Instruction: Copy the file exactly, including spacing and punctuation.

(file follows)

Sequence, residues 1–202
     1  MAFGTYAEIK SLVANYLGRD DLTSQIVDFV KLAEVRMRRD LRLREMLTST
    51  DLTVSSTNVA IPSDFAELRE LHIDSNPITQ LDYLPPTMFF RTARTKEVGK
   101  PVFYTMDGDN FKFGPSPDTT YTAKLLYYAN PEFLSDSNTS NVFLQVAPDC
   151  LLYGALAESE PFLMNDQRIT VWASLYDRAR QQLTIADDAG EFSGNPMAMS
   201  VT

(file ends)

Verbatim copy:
Sequence, residues 1–202
     1  MAFGTYAEIK SLVANYLGRD DLTSQIVDFV KLAEVRMRRD LRLREMLTST
    51  DLTVSSTNVA IPSDFAELRE LHIDSNPITQ LDYLPPTMFF RTARTKEVGK
   101  PVFYTMDGDN FKFGPSPDTT YTAKLLYYAN PEFLSDSNTS NVFLQVAPDC
   151  LLYGALAESE PFLMNDQRIT VWASLYDRAR QQLTIADDAG EFSGNPMAMS
   201  VT